A Pigeon Parable of Perspective (Part 2)

(You can read Part 1 of this parable by clicking here)

Dodah breathed prayers as they reached the stairwell to their apartment building. She could hear water lapping and splashing down below them on the stairs. Cold air rushed up from there, as if from a icy monster's mouth. D'Anjou's voice echoed on the walls as he excitedly asked, "Where are we going?"
"Up to the roof," Dodah told him.
"But what about down-" he started to shine the flashlight downstairs, but she quickly took it away from him. "No, no, don't look there. We have to hurry. Come on!"

A Pigeon Parable of Perspective

People rushed out of their rooms and stampeded up the stairs in frantic herds. None of them would tell Dodah what it looked like outside, they were too busy. The wail of several unattended storm alerts emanated from rooms that she passed. She wondered if her mother was safe at the hospital.
Suddenly, the thin yellow beam of their flashlight fell on something gruesome. Someone had fallen on the steps. A young man a little older than Dodah was splayed out in an awkward, painful-looking position, completely still, with his eyes closed.
"What's the matter with him?!" D'Anjou squawked.
Nausea swept over Dodah in hot waves, along with anxious, horrible feelings connected to her father's death. She started to hurry her brother past the sight. But then another memory suddenly came to her. She remembered the pigeon that had busted itself against her window. Compassion tamed the former surge of anxiety. She slowly turned back to the young man and shone the flashlight on his face. He seemed to squint the tiniest bit, then he moaned in pain. Dodah quickly knelt beside him and touched his shoulder.
"Hey! Hey, are you alright?!" she asked.
"My... head..."
The young man shakily reached up and touched a bruise on his face, then he opened his eyes and looked around. "Where am I?"
"On the stairwell. We need to get to the roof," Dodah started to tell him before D'Anjou suddenly pointed downstairs.
"Look, Dodah! Water! Why is there water in here?!"
"We have to get out! Hurry!" she replied, straightening to a standing position again.
The young man was slightly dizzy as he stood, but remembering the danger had given him an unexpected burst of energy. Dodah steadied him as he gained his footing. Soon the trio was scrambling up the stairs together. There was a short exchange where they learned that the stranger's name was Eric, but the situation was too pressing to allow any more conversation than that.

. . . . .

Dodah had just noticed a dim grey light at the top of the stairs when D'Anjou suddenly slipped and fell down. He landed on his hand wrong while trying to catch himself, and his whole face wrinkled up as he started loudly crying. Dodah immediately scooped him up and tried to comfort him, but he wouldn't let her touch his hand at all. It hurt too much. Dodah's big sister heart hated to see her brother in pain, but she knew that there was a greater danger down below. The water was still coming. Eric had paused with them and was nervously watching their surroundings. Sweat beads of anxiety and exhaustion dribbled down his brow.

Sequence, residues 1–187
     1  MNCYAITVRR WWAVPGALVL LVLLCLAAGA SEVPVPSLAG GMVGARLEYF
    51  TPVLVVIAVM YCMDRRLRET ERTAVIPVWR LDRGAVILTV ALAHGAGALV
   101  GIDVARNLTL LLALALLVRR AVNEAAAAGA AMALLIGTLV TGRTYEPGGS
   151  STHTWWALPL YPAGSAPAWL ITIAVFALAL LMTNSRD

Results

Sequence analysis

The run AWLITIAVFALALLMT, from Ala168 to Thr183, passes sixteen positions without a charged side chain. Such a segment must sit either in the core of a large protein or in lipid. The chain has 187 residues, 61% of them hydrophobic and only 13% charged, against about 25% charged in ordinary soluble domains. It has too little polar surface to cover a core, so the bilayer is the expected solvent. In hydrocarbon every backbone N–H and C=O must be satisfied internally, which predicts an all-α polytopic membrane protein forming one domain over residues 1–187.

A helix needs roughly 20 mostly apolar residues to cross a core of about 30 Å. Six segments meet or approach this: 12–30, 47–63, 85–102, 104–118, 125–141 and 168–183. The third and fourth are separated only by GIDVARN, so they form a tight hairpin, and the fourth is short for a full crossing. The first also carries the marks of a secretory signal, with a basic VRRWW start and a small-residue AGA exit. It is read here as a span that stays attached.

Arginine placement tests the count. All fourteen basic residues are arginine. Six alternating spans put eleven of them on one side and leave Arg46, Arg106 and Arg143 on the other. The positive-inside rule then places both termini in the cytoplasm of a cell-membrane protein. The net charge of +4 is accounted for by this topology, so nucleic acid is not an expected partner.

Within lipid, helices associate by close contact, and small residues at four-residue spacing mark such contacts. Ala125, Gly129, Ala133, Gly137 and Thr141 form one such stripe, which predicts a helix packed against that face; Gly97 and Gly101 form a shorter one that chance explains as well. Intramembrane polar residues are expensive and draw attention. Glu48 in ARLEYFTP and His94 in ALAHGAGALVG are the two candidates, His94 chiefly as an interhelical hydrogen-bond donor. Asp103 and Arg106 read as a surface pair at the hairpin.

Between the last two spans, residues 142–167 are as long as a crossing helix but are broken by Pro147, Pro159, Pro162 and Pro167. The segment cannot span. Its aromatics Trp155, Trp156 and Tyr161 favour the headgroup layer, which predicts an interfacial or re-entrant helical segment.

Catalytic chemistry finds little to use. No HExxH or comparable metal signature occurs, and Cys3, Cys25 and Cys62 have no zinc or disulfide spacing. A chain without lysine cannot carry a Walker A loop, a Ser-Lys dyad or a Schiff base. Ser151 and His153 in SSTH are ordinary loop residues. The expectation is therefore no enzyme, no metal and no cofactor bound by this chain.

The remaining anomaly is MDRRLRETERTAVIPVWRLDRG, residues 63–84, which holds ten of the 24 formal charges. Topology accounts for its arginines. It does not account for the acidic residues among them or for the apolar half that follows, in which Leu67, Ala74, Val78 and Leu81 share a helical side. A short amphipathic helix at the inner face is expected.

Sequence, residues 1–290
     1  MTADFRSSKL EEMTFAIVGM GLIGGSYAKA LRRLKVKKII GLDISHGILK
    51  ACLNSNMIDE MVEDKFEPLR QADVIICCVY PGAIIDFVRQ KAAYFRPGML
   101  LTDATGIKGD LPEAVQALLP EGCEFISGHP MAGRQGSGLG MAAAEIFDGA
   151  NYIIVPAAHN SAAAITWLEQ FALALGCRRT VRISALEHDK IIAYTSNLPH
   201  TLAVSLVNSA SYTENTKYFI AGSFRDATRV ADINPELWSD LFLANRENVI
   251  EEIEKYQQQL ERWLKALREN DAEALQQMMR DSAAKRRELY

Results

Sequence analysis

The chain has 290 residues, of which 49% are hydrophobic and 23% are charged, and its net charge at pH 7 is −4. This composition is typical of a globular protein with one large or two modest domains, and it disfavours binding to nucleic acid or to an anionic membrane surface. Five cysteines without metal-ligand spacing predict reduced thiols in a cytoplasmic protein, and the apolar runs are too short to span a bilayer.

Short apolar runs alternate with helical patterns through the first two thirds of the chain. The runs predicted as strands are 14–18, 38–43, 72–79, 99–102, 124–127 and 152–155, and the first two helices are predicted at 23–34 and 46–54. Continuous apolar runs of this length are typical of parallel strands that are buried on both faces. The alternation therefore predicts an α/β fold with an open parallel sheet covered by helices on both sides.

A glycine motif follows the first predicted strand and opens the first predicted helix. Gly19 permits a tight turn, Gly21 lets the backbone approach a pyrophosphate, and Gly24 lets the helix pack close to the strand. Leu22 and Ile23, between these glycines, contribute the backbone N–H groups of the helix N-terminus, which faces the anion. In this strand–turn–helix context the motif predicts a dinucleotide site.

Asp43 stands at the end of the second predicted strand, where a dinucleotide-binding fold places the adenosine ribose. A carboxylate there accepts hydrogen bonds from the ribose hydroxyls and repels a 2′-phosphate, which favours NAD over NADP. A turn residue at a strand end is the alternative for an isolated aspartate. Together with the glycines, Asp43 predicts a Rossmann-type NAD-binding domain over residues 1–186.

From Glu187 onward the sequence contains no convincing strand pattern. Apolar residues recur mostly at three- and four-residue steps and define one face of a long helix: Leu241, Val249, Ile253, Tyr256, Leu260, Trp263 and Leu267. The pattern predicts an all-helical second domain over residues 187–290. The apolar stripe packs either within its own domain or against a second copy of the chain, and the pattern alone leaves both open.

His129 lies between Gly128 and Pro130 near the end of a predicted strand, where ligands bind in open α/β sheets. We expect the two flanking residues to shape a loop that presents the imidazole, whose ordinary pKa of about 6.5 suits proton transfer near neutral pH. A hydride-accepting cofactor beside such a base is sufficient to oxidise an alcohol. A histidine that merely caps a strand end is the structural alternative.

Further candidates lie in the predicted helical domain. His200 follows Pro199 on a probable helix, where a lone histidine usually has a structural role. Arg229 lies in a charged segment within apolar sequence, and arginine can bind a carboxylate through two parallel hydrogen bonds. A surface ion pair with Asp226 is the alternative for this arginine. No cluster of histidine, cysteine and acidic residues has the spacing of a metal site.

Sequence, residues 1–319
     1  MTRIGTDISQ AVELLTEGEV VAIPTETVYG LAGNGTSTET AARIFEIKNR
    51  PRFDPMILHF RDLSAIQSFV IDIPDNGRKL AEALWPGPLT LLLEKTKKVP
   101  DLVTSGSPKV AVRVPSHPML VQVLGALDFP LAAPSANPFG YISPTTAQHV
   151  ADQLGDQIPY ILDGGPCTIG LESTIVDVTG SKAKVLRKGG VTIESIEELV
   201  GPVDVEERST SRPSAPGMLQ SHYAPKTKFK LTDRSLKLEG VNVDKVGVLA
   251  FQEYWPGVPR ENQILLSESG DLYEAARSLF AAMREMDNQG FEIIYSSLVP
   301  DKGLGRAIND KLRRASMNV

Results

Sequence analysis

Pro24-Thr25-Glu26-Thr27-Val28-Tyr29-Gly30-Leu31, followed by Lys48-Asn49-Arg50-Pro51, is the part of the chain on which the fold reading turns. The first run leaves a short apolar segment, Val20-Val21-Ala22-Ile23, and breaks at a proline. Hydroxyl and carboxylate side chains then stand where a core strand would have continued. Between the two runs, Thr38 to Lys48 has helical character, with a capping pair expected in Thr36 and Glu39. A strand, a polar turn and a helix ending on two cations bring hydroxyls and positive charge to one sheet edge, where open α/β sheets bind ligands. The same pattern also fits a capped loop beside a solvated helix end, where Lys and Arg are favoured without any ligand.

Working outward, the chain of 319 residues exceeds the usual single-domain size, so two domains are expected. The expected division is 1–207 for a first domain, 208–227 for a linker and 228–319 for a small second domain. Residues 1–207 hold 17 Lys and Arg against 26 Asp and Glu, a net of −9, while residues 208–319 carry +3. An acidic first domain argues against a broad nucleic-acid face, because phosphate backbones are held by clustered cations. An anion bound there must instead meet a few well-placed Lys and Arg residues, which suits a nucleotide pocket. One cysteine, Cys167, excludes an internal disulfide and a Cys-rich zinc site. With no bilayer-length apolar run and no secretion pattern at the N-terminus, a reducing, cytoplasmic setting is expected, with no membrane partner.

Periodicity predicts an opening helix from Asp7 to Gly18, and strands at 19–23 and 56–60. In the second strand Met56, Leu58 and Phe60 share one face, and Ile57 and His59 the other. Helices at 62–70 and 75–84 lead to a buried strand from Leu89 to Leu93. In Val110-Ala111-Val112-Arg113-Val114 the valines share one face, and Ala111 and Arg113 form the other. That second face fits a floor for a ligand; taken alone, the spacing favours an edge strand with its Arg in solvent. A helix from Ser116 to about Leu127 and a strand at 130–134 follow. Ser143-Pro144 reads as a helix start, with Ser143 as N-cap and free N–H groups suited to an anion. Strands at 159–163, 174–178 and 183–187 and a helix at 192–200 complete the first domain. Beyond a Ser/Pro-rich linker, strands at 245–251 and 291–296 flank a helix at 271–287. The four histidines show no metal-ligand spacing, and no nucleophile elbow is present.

"It's not much farther to the roof," he reminded her.
Dodah knew he was right. She set D'Anjou on the steps again and tried to get him to hurry like before. But the little boy was still very upset and one of his knees were badly scraped. He screeched and whined until Eric reached down and picked him up, then he whimpered instead.
The trio began to hustle to safety again. Soon they reached the source of grey light up above them, a half-open door leading to the roof.
Soggy rain and fresh gales of air greeted them up on the roof. Their fellow apartment dwellers were huddled nearby, trying to make enough noise to attract a rescue helicopter in the distance. Dodah dropped to her knees beside D'Anjou as Eric set him on his feet.
"Can I see your hand now?" she asked.
"It hurts," D'Anjou wearily sobbed, holding his arm with his other hand to support it.
Inspiration suddenly came to Dodah.
"Remember that pigeon with a broken leg that I helped?" she told him. "It felt a lot better after I made a splint for it. What if I try to find something to make a splint for you? Would that help you feel better?"
D'Anjou's loud cries toned down. Raindrops flooded down his face as he nodded at his big sister.
"What do you need? I'll try to find it," Eric quietly volunteered.
"We need some rags and a stick or something," Dodah halfway turned to tell him.
He was already handing her his pocketknife. After she took it, he trotted off to go find something long and light.
While Dodah was cutting strips of fabric off the bottom of her pajama pants, she heard something familiar.
Coo coo... coo coo...
"Look!" D'Anjou squealed in delight.
Dodah raised her head, then smiled. A whole flock of pigeons was up on the roof with them, staying dry under a piece of scrap metal.
"Are those your pigeons? The ones you've been helping?" D'Anjou asked.
"I guess so, little pear," Dodah replied, thankful for the look of excitement beaming off his face instead of pain.
Eric came bustling back to her, holding a couple different sizes of metal rods. Dodah thanked him, but hardly saw him, instead she was distracted by a gentle feeling in her soul. She felt as if God was talking to her somehow.
Those pigeons, they had purpose in her life. They weren't just random trials, they were preparation drills for something greater. The same way that King David had been trained by a lion and a bear to fight the mighty giant Goliath, she had been coached by these feathery grey visitors to her windowsill so that she would be prepared for this present trial.
Tears joined the raindrops dripping down Dodah's face as the rescue helicopter made it to the roof and started loading people.
"Thank you, Lord," she whispered. "I didn't understand, but You knew best all along."